Evidence bicycle helmets mitigate intra-cranial injury is not controversial
A recently published article questions the protective effect of bicycle helmets against intra-cranial injury . In a case–control study design, Joseph and colleagues analyze data from cycling presentations from a collision or fall to a level 1 trauma center with an initial head computed tomography (CT) scan.
There are several inconsistencies and analytic errors in the analysis by Joseph and colleagues. This includes (1) a selection bias by limiting presentations to cyclists with a suspected head injury, (2) statistical results for intra-cranial hemorrhage that could not have arisen from the reported data, (3) failure to analyze intra-cranial injury as defined by the authors, (4) over-reliance on pvalues and the fallacy of accepting the null hypothesis, (5) simple numerical errors, and (6) incorrect reporting of previous literature. We discuss each of these issues in turn. When it is possible to correct these errors using the data reported, we have re-analyzed the data. The lead...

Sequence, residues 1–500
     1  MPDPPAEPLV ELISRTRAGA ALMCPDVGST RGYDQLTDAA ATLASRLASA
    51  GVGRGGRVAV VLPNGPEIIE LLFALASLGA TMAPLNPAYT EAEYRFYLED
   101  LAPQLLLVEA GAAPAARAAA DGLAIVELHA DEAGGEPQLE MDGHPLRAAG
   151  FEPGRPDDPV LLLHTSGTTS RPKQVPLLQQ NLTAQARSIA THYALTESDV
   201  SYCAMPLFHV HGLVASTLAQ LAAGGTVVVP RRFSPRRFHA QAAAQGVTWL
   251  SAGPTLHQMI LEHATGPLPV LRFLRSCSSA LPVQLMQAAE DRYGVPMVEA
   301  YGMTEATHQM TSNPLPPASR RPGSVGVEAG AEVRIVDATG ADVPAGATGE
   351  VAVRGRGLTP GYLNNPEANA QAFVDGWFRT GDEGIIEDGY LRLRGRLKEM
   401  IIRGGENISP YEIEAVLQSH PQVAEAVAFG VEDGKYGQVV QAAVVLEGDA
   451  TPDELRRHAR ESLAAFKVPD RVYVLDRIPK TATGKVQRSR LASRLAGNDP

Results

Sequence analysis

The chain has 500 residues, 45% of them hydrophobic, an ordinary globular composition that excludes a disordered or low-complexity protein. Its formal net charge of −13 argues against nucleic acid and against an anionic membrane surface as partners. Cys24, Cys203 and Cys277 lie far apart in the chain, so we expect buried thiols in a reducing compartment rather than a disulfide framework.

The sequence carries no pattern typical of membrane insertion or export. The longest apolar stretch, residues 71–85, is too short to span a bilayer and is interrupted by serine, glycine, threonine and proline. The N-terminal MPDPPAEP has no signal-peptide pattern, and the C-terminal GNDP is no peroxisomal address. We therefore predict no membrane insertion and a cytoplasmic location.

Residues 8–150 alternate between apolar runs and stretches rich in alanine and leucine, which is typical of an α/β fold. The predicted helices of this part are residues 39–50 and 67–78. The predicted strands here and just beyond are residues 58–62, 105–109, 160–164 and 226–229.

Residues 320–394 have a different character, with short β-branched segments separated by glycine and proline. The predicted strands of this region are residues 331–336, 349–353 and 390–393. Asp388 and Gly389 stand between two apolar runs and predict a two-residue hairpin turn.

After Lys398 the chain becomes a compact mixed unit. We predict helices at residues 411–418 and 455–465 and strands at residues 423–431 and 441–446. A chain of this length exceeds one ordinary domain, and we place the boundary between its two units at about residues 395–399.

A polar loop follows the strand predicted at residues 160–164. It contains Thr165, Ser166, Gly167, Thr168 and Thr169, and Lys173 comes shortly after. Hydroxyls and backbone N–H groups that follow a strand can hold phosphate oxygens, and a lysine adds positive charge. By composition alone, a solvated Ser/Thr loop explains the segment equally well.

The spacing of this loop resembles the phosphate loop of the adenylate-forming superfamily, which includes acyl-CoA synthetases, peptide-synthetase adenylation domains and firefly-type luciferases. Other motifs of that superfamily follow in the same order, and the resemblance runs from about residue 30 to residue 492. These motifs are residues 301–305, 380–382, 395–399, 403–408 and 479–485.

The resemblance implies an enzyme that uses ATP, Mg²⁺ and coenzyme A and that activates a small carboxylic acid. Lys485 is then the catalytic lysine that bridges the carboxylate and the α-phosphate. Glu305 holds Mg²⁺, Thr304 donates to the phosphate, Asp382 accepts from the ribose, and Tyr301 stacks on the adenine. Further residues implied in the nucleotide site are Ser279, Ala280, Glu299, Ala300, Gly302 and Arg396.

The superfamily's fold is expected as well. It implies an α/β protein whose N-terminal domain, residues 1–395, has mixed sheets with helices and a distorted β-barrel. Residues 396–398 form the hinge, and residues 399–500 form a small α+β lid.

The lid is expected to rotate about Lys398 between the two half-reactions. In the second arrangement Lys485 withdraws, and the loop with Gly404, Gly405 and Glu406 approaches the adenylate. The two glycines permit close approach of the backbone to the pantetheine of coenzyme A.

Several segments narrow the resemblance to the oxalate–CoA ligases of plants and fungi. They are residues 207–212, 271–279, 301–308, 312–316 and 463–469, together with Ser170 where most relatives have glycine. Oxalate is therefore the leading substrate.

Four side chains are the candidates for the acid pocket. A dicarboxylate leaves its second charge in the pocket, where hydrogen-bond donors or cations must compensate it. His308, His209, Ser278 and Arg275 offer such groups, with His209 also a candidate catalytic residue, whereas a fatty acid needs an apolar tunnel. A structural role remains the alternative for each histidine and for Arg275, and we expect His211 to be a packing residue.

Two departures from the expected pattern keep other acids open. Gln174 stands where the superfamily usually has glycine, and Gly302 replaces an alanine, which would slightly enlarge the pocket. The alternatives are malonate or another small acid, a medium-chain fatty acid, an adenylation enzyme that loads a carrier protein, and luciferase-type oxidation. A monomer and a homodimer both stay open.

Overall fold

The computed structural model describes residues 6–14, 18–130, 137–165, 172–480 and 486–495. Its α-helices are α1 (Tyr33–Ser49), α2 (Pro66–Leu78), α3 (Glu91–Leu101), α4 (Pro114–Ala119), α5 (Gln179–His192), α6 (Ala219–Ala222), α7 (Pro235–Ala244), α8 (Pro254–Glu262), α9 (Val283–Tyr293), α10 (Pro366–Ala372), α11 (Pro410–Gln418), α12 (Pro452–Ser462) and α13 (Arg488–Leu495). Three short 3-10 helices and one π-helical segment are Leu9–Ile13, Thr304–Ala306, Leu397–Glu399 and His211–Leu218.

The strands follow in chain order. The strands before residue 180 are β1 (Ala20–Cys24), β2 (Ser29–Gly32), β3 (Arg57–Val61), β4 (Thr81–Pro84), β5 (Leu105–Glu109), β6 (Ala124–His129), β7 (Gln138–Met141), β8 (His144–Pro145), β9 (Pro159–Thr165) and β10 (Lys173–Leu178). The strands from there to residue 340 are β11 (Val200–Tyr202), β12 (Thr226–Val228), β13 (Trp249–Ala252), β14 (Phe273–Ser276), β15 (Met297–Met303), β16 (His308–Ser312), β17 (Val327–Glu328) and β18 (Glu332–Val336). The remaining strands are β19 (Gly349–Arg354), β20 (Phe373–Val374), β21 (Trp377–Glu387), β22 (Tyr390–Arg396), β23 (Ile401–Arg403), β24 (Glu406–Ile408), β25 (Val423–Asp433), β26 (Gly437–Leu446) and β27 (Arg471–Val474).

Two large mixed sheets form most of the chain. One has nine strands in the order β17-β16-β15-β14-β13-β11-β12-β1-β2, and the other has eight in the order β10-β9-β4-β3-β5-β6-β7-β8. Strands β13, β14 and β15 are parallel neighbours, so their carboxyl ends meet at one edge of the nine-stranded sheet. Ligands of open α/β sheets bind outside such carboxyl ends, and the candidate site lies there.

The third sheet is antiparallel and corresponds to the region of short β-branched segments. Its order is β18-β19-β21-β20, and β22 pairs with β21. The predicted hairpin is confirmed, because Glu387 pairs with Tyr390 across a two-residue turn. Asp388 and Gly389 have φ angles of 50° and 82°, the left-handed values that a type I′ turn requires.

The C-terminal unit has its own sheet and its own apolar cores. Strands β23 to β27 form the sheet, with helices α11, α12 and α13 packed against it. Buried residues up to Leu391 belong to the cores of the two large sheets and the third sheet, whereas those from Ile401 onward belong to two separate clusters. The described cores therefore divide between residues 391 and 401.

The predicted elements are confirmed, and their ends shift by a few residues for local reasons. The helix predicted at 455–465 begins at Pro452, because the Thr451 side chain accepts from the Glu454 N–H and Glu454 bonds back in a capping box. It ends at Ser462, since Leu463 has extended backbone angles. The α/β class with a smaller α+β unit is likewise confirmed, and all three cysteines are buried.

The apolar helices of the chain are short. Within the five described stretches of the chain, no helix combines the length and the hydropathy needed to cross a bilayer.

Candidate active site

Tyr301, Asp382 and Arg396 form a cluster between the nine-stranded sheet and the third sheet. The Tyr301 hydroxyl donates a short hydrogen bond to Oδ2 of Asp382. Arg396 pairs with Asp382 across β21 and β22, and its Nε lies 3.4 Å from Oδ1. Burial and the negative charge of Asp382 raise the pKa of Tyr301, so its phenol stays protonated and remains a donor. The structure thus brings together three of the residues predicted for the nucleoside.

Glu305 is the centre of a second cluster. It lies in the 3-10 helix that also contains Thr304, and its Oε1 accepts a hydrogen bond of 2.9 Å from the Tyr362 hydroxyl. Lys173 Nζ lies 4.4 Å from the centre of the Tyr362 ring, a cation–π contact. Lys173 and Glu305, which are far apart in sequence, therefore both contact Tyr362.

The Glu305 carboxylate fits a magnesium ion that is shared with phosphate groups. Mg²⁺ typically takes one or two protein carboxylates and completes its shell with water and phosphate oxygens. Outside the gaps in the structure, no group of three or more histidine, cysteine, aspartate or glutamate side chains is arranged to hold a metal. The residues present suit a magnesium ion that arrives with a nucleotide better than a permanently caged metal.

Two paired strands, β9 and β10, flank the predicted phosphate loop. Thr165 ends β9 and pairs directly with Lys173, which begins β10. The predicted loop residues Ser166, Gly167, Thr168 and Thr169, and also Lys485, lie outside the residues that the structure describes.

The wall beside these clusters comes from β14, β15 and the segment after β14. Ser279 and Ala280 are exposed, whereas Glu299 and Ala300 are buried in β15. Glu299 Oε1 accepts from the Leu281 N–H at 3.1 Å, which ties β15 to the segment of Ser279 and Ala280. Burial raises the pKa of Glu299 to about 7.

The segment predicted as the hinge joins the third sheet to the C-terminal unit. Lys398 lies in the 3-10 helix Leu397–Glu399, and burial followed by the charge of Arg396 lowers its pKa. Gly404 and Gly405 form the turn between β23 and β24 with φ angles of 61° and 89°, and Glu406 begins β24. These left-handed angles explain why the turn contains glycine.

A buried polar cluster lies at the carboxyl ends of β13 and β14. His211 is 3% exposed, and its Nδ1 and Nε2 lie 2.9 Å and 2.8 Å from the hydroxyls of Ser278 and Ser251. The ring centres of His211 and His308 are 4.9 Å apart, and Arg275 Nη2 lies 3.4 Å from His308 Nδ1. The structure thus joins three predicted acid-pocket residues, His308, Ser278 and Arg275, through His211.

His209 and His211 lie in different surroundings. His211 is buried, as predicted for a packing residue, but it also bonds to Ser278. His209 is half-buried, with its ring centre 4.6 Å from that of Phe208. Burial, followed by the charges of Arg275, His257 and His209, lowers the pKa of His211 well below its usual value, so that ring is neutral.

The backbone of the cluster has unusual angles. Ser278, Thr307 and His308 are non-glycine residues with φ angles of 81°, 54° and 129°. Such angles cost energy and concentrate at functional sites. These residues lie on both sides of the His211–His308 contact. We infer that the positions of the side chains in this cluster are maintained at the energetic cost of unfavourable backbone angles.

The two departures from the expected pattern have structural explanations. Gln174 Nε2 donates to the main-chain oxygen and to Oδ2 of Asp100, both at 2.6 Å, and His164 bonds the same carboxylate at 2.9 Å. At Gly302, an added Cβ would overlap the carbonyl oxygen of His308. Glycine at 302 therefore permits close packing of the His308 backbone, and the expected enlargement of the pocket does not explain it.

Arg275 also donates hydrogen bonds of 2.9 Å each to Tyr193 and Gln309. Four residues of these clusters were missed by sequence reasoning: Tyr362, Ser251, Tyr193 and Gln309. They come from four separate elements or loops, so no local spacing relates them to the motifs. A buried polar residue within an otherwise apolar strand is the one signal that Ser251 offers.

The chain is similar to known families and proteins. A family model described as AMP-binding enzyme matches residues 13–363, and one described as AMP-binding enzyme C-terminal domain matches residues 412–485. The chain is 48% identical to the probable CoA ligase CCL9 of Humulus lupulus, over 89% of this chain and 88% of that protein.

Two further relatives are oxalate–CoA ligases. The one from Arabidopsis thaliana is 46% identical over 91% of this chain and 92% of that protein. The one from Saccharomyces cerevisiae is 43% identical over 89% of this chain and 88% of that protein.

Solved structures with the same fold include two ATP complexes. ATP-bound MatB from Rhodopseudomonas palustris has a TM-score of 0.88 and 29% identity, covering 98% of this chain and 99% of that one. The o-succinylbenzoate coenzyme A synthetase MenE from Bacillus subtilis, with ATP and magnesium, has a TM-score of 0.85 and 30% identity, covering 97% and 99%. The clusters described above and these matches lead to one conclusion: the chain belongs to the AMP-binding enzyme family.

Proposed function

KeywordsLead Author Neck Injury Report Odds Ratio Lower Confidence Limit Initial Head
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Conflict of interest
Jake Olivier, Prudence Creighton and C. Thomas Mason declare they have no conflict of interest.
This article does not contain any studies with human participants or animals performed by any of the authors.